Clayton: Seahawks always face tough road in draft as perennial playoff team
Apr 13, 2020, 3:58 PM
It’s hard to believe this is Seahawks general manager John Schneider’s 11th NFL Draft.
While it’s very difficult to figure out who he is going to draft, it’s easy to follow the way he drafts. He has an amazing ability to find starting defensive backs in the middle rounds. He’s a master of making draft day trades, particularly trading down in the first round or even out of the first round to accumulate more picks.
Schneider realizes teams often become victims of their own success. Drafting well causes cap problems because the really good draft choices can command high salaries that often can’t fit into the salary cap. If they get big money in free agency, Schneider gets compensatory picks the following year.
Perhaps the biggest thing he realizes is that being a perennial playoff team puts the Seahawks in a tough position, drafting between the 21st and 32nd picks in the first round. And Schneider takes unfair criticism that he doesn’t get Pro Bowl players in the first round.
Here is the reality. In the last five drafts, only five players league-wide made it to the Pro Bowl after being drafted between the 21st and 32nd picks. Basically, only one player a year from that spot in the draft makes it to the Pro Bowl. In 2015, Dallas Cowboys cornerback Byron Jones was the only Pro Bowl player taken in the final 12 spots of the first round. In 2016, Green Bay Packers defensive tackle Kenny Clark became a Pro Bowler. Steelers linebacker T.J. Watt was the only 2017 Pro Bowler in the final 12.
There were two in 2018: Baltimore Ravens quarterback Lamar Jackson and Buffalo Bills cornerback Tre’Davious White. None made it from last year’s draft although Las Vegas Raiders halfback Josh Jacobs was close to making it.
Where that is important is if a first-rounder doesn’t make the Pro Bowl, it’s hard to justify the cost of keeping him on a fifth-year option. What ends up happening is that teams start trading or cutting the first-rounder by the third year of their four-year contract.
The Seahawks have been to the playoffs eight of the 10 years Schneider and head coach Pete Carroll worked together.
Under Schneider, the Seahawks have drafted six players in the first round – six players in 10 drafts. He started out taking Russell Okung and Earl Thomas in the top 10 in 2010. In 2011, after a 7-9 season where they missed the playoffs, he took James Carpenter with the 25th pick. Bruce Irvin was the 15th pick in 2012.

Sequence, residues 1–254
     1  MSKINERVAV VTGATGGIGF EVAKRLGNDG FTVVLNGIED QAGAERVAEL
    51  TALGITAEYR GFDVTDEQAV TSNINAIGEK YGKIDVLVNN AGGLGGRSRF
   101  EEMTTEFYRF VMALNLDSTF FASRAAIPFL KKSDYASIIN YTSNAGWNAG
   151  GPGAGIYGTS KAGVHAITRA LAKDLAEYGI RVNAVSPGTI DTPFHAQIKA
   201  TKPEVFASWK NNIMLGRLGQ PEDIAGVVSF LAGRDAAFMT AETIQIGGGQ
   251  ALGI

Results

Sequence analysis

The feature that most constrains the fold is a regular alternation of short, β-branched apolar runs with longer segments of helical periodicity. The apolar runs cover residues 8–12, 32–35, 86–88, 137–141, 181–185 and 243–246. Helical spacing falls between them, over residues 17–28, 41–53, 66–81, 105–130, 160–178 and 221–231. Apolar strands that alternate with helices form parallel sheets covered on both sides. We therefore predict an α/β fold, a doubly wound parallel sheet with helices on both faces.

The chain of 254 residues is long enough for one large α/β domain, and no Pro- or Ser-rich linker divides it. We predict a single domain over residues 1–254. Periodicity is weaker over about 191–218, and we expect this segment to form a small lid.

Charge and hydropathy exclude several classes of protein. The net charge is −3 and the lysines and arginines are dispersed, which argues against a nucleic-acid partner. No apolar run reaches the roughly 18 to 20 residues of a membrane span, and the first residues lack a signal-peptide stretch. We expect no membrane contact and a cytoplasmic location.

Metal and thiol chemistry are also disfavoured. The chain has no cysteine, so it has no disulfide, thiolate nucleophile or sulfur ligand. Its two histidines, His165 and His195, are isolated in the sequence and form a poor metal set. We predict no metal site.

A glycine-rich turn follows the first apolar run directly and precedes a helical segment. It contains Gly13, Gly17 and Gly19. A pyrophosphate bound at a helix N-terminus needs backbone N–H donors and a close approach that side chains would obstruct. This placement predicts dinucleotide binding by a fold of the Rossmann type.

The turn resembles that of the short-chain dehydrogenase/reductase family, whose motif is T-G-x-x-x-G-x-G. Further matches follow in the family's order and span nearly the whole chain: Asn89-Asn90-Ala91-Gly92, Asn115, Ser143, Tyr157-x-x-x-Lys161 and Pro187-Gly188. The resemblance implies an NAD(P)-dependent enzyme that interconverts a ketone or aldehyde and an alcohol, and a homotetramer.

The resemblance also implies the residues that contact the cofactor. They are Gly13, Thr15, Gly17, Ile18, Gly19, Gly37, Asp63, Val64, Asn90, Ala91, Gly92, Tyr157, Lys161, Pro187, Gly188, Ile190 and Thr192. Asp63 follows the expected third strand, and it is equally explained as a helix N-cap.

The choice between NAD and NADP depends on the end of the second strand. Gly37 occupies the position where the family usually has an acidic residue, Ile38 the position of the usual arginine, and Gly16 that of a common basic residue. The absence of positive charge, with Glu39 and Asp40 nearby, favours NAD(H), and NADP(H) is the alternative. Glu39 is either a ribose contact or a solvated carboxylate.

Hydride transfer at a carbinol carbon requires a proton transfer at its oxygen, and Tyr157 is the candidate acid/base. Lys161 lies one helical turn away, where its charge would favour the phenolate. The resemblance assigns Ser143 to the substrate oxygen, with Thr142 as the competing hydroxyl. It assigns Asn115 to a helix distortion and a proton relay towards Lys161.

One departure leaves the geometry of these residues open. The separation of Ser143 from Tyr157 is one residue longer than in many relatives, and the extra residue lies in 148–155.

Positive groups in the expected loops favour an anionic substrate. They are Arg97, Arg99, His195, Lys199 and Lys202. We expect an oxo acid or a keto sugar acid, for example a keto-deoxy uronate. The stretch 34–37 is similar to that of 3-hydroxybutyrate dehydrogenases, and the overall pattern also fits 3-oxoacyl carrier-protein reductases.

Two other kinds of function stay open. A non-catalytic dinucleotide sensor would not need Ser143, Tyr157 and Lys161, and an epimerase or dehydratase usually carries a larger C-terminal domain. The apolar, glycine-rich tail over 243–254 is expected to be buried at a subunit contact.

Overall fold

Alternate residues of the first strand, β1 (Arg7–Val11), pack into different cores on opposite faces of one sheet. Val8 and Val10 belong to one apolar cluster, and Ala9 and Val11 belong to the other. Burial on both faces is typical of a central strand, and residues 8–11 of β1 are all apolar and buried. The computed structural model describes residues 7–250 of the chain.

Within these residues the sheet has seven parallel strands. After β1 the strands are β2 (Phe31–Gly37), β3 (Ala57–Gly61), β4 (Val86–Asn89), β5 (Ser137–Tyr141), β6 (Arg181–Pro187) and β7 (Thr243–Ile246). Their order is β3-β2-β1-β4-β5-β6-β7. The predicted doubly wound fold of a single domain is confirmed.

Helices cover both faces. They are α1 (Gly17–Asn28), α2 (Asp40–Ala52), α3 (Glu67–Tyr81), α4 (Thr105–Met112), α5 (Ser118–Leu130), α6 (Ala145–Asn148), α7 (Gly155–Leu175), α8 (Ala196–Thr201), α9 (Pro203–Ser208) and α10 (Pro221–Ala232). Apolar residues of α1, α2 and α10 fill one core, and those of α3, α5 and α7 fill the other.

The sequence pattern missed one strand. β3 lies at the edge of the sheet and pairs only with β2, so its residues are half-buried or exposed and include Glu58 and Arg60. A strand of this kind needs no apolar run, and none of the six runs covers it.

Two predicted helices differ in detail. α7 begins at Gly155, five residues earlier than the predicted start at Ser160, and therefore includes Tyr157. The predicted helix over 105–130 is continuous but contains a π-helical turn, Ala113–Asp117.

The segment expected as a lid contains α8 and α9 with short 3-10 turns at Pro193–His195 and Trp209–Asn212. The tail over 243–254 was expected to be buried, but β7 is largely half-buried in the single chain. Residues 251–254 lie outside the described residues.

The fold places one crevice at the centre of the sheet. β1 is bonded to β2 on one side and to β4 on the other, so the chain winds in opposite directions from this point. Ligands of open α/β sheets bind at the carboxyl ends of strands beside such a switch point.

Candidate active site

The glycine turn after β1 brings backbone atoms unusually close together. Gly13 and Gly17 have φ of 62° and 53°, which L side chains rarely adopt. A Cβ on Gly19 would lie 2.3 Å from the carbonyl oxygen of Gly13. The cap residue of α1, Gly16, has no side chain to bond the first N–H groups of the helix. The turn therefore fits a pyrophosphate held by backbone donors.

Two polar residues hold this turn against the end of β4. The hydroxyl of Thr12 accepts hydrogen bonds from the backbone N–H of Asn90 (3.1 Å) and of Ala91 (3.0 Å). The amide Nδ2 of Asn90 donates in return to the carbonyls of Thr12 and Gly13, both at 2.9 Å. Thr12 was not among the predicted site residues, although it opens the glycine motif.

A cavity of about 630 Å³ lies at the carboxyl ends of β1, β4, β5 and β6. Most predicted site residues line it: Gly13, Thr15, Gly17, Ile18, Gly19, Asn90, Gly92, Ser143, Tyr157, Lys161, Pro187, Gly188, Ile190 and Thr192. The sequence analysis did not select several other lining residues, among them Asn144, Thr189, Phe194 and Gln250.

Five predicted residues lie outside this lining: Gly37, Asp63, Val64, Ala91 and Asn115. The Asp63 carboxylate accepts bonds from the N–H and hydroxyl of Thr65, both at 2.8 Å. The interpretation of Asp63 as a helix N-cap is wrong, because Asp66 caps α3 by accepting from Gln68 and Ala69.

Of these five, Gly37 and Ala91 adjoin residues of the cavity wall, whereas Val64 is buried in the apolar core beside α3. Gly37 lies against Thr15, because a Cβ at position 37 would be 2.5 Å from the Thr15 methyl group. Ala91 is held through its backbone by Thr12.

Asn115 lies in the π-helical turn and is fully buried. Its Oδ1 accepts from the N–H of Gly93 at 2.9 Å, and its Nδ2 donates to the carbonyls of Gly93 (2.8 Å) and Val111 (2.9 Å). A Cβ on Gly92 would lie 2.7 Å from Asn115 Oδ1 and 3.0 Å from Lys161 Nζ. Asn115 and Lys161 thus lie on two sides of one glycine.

After Irvin, Schneider took Germain Ifedi with the 31st pick in 2016, Rashaad Penny 27th in 2018 and L.J. Collier with the 29th pick last year. Ifedi wasn’t great but he started for four years. Before blowing out his knee, Penny was playing behind Chris Carson but showed flashes of being a good back. Collier didn’t play much as a rookie but he has a chance to star in his second year.
Don’t hold your breath that the Seahawks will use their draft choice with the 27th pick in the first round next week. First, Schneider has to take care of the Jadeveon Clowney issues, either signing him or replacing him. Second, Schneider will most likely trade down to the second round.
The Seahawks have seven draft choices this year. Schneider has had 41 draft choices in the past four drafts, a little more than 10 per year. He’s averaged 8 1/2 in his 10 years as GM. And the Seahawks can land a good defensive tackle or an offensive tackle in the second round.
Another thing to remember about drafts is some years they just aren’t good. Ifedi signed for the NFL minimum in free agency this offseason. Wide receivers Josh Doctson and Laquon Treatwell and cornerback Artie Burns also signed for the minimum. Quarterback Paxton Lynch is at the NFL minimum with the Pittsburgh Steelers. That’s five first-rounders from the 2016 draft taken between 22 and 31 that signed minimum deals.
Get ready for the 11th Schneider draft.
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